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If you're going hillbilly on your battery heater design, which is a bad idea but better than nothing, you want two thermostats in series
How might one not go "hillbilly" on their battery heater design? I'm new to anything super DIY control related but I'm up to give it a try. Do you have any recommendations on parts I should buy and how I can control everything? Where can I purchase the thermostats that you mention?
 

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I mean the world is your oyster on that, there are tons to chose from. The main thing is to either choose one that's automotive rated or design the heck out of it for a harsh environment with respect to voltage spikes, power delivery, EMF. Most importantly make sure your BMS can override and shut everything down if your controller fails and cooling fails. I'm just getting into this myself and what I have as a creed is that nothing I design should be involved in a safety critical part of the vehicle.
 

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To use the Tesla S battery heater you need the front high voltage junction box which you can control by pwm. The battery heater is dumb and is controlled by the front high voltage junction box. It plugs right into the hvjb and there is an internal fuse in the hvjb for the battery heater. You then just need the temperature controller with a thermocouple to sense the coolant temperature and a pwm. See also, Tesla Model S Front HVJB - openinverter.org wiki and Tesla Model S Battery Heater - openinverter.org wiki.
 

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The BMS should be the master of all things battery -- to do a separate heating loop independent of the BMS, which is what was on the table at the time I posted, is what I meant by "hillbilly".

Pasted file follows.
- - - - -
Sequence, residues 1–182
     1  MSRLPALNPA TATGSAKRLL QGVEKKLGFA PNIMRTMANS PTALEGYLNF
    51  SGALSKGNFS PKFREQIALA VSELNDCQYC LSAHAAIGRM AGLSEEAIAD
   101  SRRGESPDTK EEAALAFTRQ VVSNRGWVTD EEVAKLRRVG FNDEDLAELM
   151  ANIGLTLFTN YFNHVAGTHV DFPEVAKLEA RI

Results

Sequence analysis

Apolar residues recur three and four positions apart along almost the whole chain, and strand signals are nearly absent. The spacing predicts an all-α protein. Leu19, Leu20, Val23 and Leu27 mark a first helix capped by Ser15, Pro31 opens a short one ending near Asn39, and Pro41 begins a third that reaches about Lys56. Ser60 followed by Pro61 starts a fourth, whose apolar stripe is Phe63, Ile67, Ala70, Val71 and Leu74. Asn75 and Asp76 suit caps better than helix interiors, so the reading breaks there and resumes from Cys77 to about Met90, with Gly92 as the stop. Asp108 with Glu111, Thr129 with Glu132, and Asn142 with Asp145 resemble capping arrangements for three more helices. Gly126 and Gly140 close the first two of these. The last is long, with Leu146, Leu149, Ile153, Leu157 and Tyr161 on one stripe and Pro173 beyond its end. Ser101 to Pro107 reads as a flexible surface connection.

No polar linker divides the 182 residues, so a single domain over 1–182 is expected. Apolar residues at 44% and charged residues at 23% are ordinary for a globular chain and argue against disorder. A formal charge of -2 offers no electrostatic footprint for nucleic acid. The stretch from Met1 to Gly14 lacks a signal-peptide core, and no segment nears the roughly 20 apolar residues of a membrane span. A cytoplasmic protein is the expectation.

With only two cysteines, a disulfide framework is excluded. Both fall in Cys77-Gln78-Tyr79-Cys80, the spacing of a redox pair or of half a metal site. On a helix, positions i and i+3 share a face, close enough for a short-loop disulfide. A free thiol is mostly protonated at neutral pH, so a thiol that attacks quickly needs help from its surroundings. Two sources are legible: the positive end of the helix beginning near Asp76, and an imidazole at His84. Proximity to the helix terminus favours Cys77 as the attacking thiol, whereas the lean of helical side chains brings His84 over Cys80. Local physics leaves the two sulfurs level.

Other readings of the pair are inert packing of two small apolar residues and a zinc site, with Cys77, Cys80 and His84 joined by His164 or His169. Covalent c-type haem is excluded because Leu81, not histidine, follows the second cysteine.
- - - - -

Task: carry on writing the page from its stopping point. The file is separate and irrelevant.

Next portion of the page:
I use a heater controller to turn on/off my Tesla battery heater for cabin heat. So far I have been heating to 140F, have it turn off and then re-start at 110F. It works really well and you can adjust the on/off trigger temperatures.
The Tesla battery heater is undersized by a factor of at least 3 for use as a cabin heater in cold climates.

We were talking about warming the HV battery, here, not the cabin.
 

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I've recently decided to incorporate heating in my battery cooling loop. I'm thinking about using a Tesla battery heater since I have Tesla batteries but I may use something cheaper/not as powerful since I'm only using 4 Tesla battery modules. Since I'm in a location that has cold winters and hot summers, I decided that I wanted a year round car that could take on the cold and the heat. Does anyone know where I can find the data for Tesla batteries for their nominal temperatures...like the value I would need to kick on the heater or cooling radiator? I did a quick Google search and found that the lithium's "sweet spot" is between 60F and 80F. Can someone fact check this? I want to make a system, whether it's with Arduino or Rasberry Pie or anything else, that can turn on the heater when the temperature goes below 60F and turn on the radiator when the temperature goes above 80F. Does anyone know how I might do this? Will I need to get temperature data from the battery's temperature nodes? How can I use this data with the Arduino (or whatever I use) to make this a working system?

Thanks,
Sifa
i have a heat pump i use with a inverter. not a bad option and also solves the cooling for if it is hotter than 80F outside. i'm using a portable hisense heat pump with the thermostat controls being replaced with an arduino and a 400v DC to 120v AC inverter.